Shortness of breath (dyspnea, out of breath, unable to breathe deeply, wheeze, that is worse than usual if chronically short of breath) Not related to other known causes or conditions (e.g., asthma)
Decrease or loss of smell or taste (new olfactory or taste disorder)
Not related to other known causes or conditions (e.g., nasal polyps, allergies, neurological disorders)
2. Does your child have any of the following new or worsening symptoms? Symptoms should not be chronic or related to other known causes or conditions.
Sore throat (painful swallowing or difficulty swallowing)
Not related to other known causes or conditions (e.g., post nasal drip, gastroesophageal reflux)
Stuffy nose and/or runny nose (nasal congestion and/or rhinorrhea)
Not related to other known causes or conditions (e.g., seasonal allergies, returning inside from the cold, chronic sinusitis unchanged from baseline, reactive airways)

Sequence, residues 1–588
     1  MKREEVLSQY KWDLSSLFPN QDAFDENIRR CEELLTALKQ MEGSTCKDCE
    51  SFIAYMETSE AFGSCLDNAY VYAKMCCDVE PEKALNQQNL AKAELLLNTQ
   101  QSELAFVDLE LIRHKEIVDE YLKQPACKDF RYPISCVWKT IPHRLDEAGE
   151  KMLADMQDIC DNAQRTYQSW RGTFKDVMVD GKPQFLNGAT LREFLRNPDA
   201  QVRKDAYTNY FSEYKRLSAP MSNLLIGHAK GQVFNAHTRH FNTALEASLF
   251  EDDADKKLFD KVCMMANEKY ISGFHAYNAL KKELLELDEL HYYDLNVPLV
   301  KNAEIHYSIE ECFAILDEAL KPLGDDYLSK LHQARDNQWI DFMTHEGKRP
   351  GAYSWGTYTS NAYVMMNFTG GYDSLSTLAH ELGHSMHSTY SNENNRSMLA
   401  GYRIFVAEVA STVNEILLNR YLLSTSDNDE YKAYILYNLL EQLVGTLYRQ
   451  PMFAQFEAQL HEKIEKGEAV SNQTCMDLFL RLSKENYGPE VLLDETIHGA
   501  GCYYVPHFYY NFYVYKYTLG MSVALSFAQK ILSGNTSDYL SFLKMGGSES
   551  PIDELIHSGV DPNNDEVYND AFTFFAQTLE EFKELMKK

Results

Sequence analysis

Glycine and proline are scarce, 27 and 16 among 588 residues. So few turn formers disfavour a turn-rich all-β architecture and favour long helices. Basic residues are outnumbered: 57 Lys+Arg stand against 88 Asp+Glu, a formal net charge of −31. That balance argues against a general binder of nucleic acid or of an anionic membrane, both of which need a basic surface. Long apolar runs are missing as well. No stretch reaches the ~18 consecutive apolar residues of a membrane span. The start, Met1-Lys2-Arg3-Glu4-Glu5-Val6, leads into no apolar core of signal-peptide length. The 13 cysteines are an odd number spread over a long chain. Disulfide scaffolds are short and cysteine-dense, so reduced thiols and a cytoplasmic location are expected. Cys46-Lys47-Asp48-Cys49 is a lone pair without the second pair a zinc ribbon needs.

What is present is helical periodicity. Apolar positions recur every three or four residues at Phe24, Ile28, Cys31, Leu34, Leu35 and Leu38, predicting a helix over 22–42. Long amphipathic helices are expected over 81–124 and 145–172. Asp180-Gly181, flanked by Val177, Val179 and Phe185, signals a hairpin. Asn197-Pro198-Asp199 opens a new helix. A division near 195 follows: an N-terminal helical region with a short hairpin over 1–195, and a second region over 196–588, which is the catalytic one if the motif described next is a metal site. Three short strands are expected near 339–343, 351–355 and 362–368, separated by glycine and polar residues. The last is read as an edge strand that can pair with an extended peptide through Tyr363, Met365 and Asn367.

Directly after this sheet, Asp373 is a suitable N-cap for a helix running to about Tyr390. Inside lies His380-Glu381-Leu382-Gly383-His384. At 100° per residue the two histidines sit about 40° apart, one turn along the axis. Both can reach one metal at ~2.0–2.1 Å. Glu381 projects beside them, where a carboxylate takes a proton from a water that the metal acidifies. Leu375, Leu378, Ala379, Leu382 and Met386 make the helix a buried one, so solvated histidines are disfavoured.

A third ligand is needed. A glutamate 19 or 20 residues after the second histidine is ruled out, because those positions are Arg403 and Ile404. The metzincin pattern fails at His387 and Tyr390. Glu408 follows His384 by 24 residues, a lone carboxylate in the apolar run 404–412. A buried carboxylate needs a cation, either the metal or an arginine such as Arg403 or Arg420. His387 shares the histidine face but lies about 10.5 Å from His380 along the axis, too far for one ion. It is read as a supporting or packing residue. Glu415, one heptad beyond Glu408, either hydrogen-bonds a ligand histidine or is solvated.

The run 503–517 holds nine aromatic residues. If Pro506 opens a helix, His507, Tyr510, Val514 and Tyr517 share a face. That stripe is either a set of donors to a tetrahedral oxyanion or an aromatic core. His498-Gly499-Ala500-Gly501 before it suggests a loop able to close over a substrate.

Headache that is new and persistent, unusual, unexplained, or long-lasting
Not related to other known causes or conditions (e.g., tension-type headaches, chronic migraines)
Nausea, vomiting and/or diarrhea
Not related to other known causes or conditions (e.g. transient vomiting due to anxiety in children, chronic vestibular dysfunction, irritable bowel syndrome, inflammatory bowel disease, side effect of medication)
Fatigue, lethargy, muscle aches or malaise (general feeling of being unwell, lack of energy, extreme tiredness, poor feeding in infants) that is unusual or unexplained
Not related to other known causes or conditions (e.g., depression, insomnia, thyroid dysfunction, anemia)
3. Has your child travelled outside of Canada in the past 14 days?
4. Has your child been identified as a close contact of someone who is confirmed as havingCOVID-19 by your local public health unit